The Jacob Fred Jazz Odyssey hits its stride with a flourish on the The Sameness of Difference
. The fluidity and focus of the trio is palpable as the players position themselves at a nexus between the worlds of traditional and contemporary jazz.
You don't necessarily have to listen to JFJO pianist Brian Haas' solo album The Truth About Hollywood to appreciate the group effort, but it helps (and it's a pleasure to listen on its own terms). But don't think of this solo piano album as merely a warmup, because it's too intense to be termed so. It's more like a stretching and toning exercise for Hass' creative mind and technical expertise in preparation for what turned out to be the marathon single session that produced this CD.
Overseen by Joel Dorn, who has worked with Roland Kirk and Charles Mingus, and recorded in a single protracted New Yolk City session in June, 2005, the JFJO collects material from sources new (Björk's "Isabel ) and old (Charles Mingus' "Fables of Faubus") and laces them through and through with intuitive twists and turns. The three artists, who also move as one through the likes of Brian Wilson's "Wonderful" and their own original "Halliburton Breakdown, display an unmistakable vigor no matter what direction they go.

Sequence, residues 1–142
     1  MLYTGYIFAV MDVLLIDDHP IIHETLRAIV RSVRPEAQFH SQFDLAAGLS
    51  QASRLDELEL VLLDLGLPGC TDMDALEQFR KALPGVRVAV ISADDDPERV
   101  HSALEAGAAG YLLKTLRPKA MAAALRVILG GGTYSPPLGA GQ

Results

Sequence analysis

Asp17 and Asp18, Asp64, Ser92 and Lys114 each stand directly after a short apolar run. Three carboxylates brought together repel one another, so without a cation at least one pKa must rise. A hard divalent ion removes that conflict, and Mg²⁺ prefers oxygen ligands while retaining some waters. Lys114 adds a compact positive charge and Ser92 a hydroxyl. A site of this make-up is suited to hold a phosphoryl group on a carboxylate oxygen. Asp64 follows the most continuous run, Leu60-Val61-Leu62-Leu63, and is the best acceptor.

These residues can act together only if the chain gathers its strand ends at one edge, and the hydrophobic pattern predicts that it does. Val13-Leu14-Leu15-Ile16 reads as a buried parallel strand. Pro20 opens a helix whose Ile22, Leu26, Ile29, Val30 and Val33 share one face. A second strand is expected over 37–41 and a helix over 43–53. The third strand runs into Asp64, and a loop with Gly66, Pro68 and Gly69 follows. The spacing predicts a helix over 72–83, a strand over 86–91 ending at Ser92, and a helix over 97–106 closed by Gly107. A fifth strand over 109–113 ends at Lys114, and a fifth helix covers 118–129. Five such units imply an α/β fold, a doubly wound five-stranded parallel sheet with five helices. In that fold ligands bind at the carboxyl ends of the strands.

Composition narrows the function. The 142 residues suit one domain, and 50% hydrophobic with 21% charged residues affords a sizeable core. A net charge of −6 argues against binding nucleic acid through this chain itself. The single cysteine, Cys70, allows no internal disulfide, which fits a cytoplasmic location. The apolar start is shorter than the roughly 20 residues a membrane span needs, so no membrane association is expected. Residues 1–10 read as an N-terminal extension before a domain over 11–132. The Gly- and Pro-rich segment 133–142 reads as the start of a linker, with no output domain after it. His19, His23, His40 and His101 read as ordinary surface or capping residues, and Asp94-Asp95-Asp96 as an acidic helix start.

Yet The Sameness of Difference succeeds by understatement: there are no grand flourishes, but a series of increasingly pivotal moments, the total of which is memorably greater than the sum of its parts. Listen to the way the band moves assuredly through the live rendition of "Happiness Is A Warm Gun.
Haas, bassist Reed Mathis, and drummer Brian Smart extend the grand old jazz tradition of reworking and reinventing pop music of the day. From the aforementioned Beatles tune to the Flaming Lips' "The Spark That Bled, then on to the JFJO's own "Santiago" and "The Maestro," you can't help but be impressed by a discerning choice of material that suits the band's temperament, not to mention their individual and collective styles(s). The ever-so-tight lock of the rhythm section only magnifies the emotional investment of Haas' work on the keyboard and vice versa.
Nevertheless, the range of material included here isn't jarring but engaging. To hear Neil Young juxtaposed with Dave Brubeck reveals what may be the main charm of this disc: its constant delightful surprise. Jacob Fred's internal dynamics work in such a way that the transitions are inviting rather than off-putting. Accordingly, the intro to the album is Hendrix's "(Have You Ever Been to) Electric Ladyland, where Mathis' effects conjure an intriguing atmosphere that draws you inexorably in.
The JFJO has morphed over time into a broad concept that is much more than just a band of musicians. Combine that with the unified vision of The Sameness of Difference, Haas' solo project, coincidental with Mathis' recruitment by Steve Kimock and Smart's enlistment with Robert Walter, and you can hear how these three musicians, alone and together, constitute a unique extension of jazz's ethic of improvisation.
Personnel: Brian Haas: acoustic piano; Reed Mathis: bass, effects; Jason